Will Ribeiro was a bantamweight prospect back in 2008, but his MMA career was prematurely stopped days after his second fight at World Extreme Cagefighting. Six years later, he still battles to live a normal life in Rio de Janeiro, Brazil.
With a 9-1 professional overall record -- which included five knockouts and two submissions -- Ribeiro signed with the WEC and fought former bantamweight champion Chase Beebe in his promotional debut on June 2008. He won the fight via split decision, and immediately broke into the top 10 of the division.
The one-time Brazilian Olympic boxing team member returned to the cage six months later to take on rising star Brian Bowles, and lost via submission in the third round.
After the loss, Ribeiro said WEC officials were happy with the fight and promised him another bout in February. However, a tragic accident changed his life. Twelve days after the Bowles bout at WEC 47, Ribeiro was driving his motorcycle home in Vila Isabel, Rio de Janeiro, when he was a victim of a life-altering accident.
"I was going home, but I don’t remember much of what happened," Ribeiro, who wasn’t wearing a helmet when the accident took place, told MMAFighting.com. "I stopped at the traffic signal and two cars crashed at the other side of the street, and one of them came right in my direction. He ran over me and threw me on the sidewalk. I immediately went out, and woke up in the hospital."
Days afterwards, Ribeiro’s coaches were still holding out hope that he would one day be able to fight again, but the doctors weren’t as optimistic. It would be a miracle if he survived, and the chances of him competing again were almost nil. He had suffered head trauma and lost part of his brain. Ribeiro also cracked his skull and part of the skull hit his eyeball, making him blind in one eye.
"I wanted to leave the hospital and go back to the gym," he said. "I was like, ‘please doctor, let me go, I have a fight scheduled. I have to go now.’ But they didn’t let me go, and I had to stay in the hospital for three more months. I was basically in a coma for three months."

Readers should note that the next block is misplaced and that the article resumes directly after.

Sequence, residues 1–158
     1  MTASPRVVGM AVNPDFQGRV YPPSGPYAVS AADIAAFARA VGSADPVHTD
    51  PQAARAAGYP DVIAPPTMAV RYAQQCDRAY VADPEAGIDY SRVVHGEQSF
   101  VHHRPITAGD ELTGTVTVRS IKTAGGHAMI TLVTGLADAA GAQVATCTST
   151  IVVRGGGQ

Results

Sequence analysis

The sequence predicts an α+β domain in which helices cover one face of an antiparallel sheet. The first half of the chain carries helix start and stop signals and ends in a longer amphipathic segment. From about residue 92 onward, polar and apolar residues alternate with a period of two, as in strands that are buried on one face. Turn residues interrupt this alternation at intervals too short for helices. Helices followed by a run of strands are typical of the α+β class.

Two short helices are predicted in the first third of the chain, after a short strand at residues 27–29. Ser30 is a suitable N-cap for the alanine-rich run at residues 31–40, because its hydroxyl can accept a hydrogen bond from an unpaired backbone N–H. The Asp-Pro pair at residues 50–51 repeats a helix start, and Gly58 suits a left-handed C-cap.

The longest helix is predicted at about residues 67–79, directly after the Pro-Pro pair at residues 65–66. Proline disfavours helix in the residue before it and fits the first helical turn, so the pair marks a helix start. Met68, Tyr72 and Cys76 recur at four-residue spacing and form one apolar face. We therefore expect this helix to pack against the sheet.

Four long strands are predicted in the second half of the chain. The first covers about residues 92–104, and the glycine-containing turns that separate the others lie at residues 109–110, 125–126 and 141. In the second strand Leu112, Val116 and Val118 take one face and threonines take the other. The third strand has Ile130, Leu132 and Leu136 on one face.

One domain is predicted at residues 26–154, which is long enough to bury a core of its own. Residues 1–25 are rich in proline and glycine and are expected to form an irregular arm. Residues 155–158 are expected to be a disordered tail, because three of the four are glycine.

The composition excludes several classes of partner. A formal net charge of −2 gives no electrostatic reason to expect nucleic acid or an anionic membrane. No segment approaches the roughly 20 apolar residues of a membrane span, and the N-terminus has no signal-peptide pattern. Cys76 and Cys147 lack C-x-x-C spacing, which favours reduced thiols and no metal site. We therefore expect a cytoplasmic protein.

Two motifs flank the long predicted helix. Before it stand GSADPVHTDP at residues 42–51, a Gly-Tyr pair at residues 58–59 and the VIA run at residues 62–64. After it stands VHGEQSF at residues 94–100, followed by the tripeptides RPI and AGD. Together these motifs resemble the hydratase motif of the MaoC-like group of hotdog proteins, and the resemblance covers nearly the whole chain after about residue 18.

Six years later, Ribeiro still does physical therapy and rehabilitation to regain his ability to at least walk again without crutches, and he has made slow strides.
"I’ve been doing rehab and physical therapy for the last five years, and I feel way better today," he said. "I couldn’t even sit before. I fell down because I had no balance. But now I can walk a few steps without crutches. My body is stronger now."
Ribeiro’s fighting career is over, but he has found ways to stay in the fight game and bring him peace. He has become an MMA judge in promotions like Shooto Brazil and Bitetti Combat.
"I really wanted to fight again, but I can’t, so that’s the way I can get closer to fights again," he said. "Still, I wanted to be inside the cage. The first promoters that offered me an opportunity was Andre Pederneiras, Artur Mariano, and Amaury Bitetti."
When he’s not judging fights, Ribeiro, who is now hemiplegic, teaches martial arts to kids in one of Rio de Janeiro’s favelas. Running a social project in Brazil isn’t easy without the support of good sponsors, and it becomes even worse when you’re in a situation like his.
"The project is wonderful," Ribeiro says. "I love being able to help more than 100 kids. I teach them, though I also learn a lot from them, too. They’re like sons to me.
"But I can’t teach them when it’s raining, because there are a lot of holes in the roof. The house I used to teach is exactly where the drug dealers used to stay in the past, so they were always shooting at the roof and the walls, things like that. So we can’t have classes because when it rains, it floods everything."
Ribeiro used to train at Black House and Boxe Thai for his MMA bouts, but he has no contact with most of his old training partners and friends, including former Pride and UFC champion Antonio Rodrigo Nogueira, who graduated him purple belt in jiu-jitsu.
"I always meet Jose Aldo, he treats me really well," he said. "He said he’ll give his UFC gloves next time we meet. He has a huge heart, a really humble guy. But I barely see Minotauro, he disappeared. I don’t care anymore."
"Be strong and believe, Matt," Ribeiro says. "Keep your treatment and thank God that you’re alive. "Be strong and believe, just as I believe that one day I’ll be able to fight again.
"I know it’s hard, that I won’t be the same again, but I believe. I’m not fighting today, so I’m teaching. Only God knows."